To celebrate our 40th wedding anniversary we chose Tasmania to visit and explore some regions we has passed by on our one and only previous trip in 1983. The Freycinet Peninsular and especially the Coles bay, Wineglass Bay area has facinated us both so it was time to head on down. First stop was Hobart and a very nice stay at the MACQ1 hotel on the Harbour-front next to the Cruise Ship terminal with a fabulous view of the Derwent river, the city and Constitution Dock.
We set off the next day to explore the Salamanca markets and the streets of downtown Hobart and despite the warm day there was plenty of shade
The Markets were massive and something for everyone so we spent a good few hours wandering around before taking a look at St Davids Park and its old cemetary features. We wandered around the edge of the city and the old Docks and the IXL Jam factory after lunch at the Brooke street Pier and then enjoyed a nap before dining in the Hotel restaurant due to everything else being booked out for our anniversary. We wandered around at dusk and enjoyed the quietness of the riverfront.
The next day was MONA day so we headed off to Berriedale early to avoid the crowds and found it very easy to get into having bought our tickets online. The setting is really interesting and the access very unusual with it being primarily underground cut into the side of the river edge. the sandstone cuttings are visible right through and the design is masterful in its execution but unfortunately for us it played havoc with Ann’s vertigo and after about 2 hrs we had to move on.
We still managed to see some outstanding installations and after a while we moved on to check out further up the river at New Norfolk looking for a lunch spot that did not eventuate. We settled on the Jam packed cafe in the Jam Factory which worked out very nice indeed. Our anniversary dinner was excellent that night at the highly rated Peacock & Jones so thank you Hobart for a nice short stay.
The next morning was stunning as you can see with Mount Wellington still cloud enclosed but otherwise not a cloud in the sky. After breakfast it was off to the Freycinet Peninsular for us but on the way we wanted to stop off and check out the Historic Colonial town of Richmond and its famous Bridge, the oldest in Australia still standing.
The local ducks really control the park here and its no wonder the grass is so green, but seriously this is one cute town. Its got history oozing out of every stone and the precision of the bridge construction would have seen plenty of blood sweat and tears. The preservation of our colonial heritage is alive and well in Richmond with a good 100 years of all types of buildings being well looked after and well used.
The shop fronts are fascinating and the current use of colonial houses and old Inn’s as guest houses is very popular.
We set off towards the coast and our first view of the region was Maria Island and then came the Freycinet peninsular in all its glory. the white sandy beaches gave us glimpse of what was to come
Arriving at Freycinet Lodge in Coles Bay after stopping for lunch at Swansea on the way we were immediately taken by the location sitting beneath the Hazards Mountains at the edge of the bay. The new Villas were of cutting edge design but it was their setting in the bush setting that was most I’m preside. The design is out there and not totally practical but funky indeed. The lodge itself is very nice and the restaurants food is excellent.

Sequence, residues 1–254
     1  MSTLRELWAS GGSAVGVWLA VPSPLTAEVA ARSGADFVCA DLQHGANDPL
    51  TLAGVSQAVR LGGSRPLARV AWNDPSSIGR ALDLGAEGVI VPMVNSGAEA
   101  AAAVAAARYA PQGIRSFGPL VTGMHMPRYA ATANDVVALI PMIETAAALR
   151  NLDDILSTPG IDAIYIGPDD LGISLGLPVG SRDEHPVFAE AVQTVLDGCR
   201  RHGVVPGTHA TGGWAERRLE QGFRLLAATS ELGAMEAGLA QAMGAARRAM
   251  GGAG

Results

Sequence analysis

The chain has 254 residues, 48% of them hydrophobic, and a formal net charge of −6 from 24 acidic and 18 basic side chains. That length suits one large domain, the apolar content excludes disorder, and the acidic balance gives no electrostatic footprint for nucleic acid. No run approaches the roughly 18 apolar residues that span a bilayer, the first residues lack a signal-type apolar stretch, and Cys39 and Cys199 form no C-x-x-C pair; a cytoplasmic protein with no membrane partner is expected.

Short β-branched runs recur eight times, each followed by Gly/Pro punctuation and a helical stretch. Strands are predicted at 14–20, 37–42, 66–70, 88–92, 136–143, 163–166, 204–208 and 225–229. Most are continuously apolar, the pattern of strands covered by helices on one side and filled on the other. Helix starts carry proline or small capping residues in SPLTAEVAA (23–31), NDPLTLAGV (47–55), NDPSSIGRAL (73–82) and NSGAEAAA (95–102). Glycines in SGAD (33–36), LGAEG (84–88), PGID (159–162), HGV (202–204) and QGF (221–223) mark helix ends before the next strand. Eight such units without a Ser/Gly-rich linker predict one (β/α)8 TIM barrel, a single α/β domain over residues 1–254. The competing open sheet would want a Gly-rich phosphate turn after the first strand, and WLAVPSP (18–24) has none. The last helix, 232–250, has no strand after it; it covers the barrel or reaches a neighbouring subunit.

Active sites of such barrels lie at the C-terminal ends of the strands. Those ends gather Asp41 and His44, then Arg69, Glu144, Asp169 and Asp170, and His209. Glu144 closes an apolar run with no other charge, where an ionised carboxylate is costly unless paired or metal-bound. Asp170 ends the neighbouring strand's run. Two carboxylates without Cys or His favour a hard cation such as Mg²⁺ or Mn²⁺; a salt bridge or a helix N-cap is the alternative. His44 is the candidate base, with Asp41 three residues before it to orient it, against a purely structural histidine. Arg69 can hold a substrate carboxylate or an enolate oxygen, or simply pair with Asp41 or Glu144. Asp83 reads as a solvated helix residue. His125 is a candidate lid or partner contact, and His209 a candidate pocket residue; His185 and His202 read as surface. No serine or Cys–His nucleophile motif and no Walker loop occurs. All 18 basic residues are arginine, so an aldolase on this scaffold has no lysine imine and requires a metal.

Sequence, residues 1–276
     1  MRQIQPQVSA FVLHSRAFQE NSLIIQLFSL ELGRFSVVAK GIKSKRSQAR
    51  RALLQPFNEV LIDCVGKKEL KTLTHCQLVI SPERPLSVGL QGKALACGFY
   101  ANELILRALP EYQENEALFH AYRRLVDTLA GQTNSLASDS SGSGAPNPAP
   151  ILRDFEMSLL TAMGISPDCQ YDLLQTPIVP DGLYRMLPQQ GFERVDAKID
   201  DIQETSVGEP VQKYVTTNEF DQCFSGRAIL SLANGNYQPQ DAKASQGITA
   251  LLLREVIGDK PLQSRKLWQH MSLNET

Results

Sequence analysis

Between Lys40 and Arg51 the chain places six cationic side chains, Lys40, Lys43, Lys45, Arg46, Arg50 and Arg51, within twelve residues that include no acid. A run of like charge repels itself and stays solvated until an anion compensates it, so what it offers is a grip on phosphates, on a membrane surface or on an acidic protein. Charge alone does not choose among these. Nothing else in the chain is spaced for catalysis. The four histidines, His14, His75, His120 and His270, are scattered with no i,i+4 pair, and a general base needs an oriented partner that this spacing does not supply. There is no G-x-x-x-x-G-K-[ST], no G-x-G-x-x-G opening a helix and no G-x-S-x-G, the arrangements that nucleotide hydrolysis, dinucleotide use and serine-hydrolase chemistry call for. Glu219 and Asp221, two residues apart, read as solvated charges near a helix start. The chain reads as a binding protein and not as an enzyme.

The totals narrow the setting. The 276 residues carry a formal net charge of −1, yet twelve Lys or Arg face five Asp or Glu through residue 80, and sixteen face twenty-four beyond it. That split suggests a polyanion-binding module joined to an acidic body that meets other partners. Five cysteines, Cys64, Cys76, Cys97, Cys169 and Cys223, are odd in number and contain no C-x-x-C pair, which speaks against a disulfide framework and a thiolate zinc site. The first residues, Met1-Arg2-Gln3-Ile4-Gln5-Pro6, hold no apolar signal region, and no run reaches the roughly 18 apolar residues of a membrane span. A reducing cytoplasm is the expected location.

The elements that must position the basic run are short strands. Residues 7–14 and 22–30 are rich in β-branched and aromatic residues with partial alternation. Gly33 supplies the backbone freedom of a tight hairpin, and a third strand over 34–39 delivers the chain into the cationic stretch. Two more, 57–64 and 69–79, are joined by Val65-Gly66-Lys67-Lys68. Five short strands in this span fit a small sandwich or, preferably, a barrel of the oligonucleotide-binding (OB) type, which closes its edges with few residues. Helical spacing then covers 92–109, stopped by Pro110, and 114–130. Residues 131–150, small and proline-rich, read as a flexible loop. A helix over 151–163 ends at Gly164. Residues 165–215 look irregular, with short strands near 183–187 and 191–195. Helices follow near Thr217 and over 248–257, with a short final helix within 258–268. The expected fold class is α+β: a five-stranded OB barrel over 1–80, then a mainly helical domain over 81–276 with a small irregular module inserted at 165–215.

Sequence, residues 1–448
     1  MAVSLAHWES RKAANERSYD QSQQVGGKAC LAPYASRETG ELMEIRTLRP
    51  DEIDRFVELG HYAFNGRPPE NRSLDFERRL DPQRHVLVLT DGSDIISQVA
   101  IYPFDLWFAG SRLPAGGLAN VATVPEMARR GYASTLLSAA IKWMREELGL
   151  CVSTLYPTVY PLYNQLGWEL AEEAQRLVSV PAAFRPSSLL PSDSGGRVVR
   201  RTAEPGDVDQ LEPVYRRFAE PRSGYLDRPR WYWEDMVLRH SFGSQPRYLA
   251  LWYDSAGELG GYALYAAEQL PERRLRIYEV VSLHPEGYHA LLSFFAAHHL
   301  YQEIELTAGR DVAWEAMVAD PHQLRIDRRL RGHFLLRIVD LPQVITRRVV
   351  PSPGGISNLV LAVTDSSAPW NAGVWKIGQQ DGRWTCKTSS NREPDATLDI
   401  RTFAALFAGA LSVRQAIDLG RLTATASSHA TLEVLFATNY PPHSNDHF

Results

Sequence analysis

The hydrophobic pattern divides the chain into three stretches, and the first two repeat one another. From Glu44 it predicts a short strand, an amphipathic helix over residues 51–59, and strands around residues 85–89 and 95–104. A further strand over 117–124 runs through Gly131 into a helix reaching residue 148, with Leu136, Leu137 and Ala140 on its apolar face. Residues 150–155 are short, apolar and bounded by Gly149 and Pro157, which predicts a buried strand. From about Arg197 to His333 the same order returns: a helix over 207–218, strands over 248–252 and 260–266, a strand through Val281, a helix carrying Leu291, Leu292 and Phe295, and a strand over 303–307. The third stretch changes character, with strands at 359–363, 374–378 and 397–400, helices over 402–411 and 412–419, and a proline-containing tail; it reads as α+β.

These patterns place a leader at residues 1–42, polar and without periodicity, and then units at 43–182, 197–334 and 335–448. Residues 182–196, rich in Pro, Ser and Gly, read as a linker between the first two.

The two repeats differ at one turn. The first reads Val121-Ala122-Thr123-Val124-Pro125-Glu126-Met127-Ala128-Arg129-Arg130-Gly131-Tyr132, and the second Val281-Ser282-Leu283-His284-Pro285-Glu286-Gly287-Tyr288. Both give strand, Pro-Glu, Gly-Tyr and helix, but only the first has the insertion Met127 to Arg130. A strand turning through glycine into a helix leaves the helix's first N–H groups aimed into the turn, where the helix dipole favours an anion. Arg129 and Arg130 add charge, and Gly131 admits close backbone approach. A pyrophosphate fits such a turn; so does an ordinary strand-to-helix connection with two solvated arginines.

The sunsets over the Bay were stunning every night and the very raw feel of the land was a reminder of how we are just tourists on this planet earth.
The next morning i took off for the climb to Wineglass bay and despite a dodgy knee i managed to reach the lookout without too much trouble to enjoy the wonderful spectacle that is laid out in front of you within the granite boulders. One of the most beautiful sights of nature unfolds and draws you to explore more so i headed off down the 1,000 steps but at about half way i decided to turn back due to the knee not being very happy. It was a shame not to go all the way but a fact of life that me health is more important than anything
Looking back to Coles bay and the Eastern mountains in the distance was equally stunning
The granite outcrops of the Hazards with their pink, white and brown colours was everywhere and is a real feature of the region.
one of the most beautiful parts of the peninsular was just 200m from our villa. Honeymoon bay and the surrounding small coves were breathtaking in their quietude and beauty. swimming in the crystal clear waters and just emerging ourselves into the energy of the place was so refreshing and relaxing that we spent plenty of time enjoying this space.
We headed off to Coles Bay village in the afternoon for some lunch and again the view of The hazards was stunning
There is plenty to explore here and we ventured over to Sleepy cove and its pristine natural environment as part of the massive new marine reserve. Sleepy cove is named after the granite boulder located down on the beach that has a cave naturally carved out of it that can be used as a great place for a nap or a full sleep out from the elements
Further exploring took us to Cape Tourville Lighthouse where the views look back towards the eastern side of the Hazards and the the mountains of the Freycinet peninsular on one side and further to the north on the other. The walk along the cliff edge is nice and easy with a boardwalk suitable for wheelchairs having being installed.
We found this amazing burnt out tree that we called the dancing man tree as it looks like its in the middle of some dance moves from “staying alive”
just around the corner from the Coles Bay village is the rocks that lead to Beach and from here the views over the bay and the light play of shallow to deep waters provides a stunning colour palette.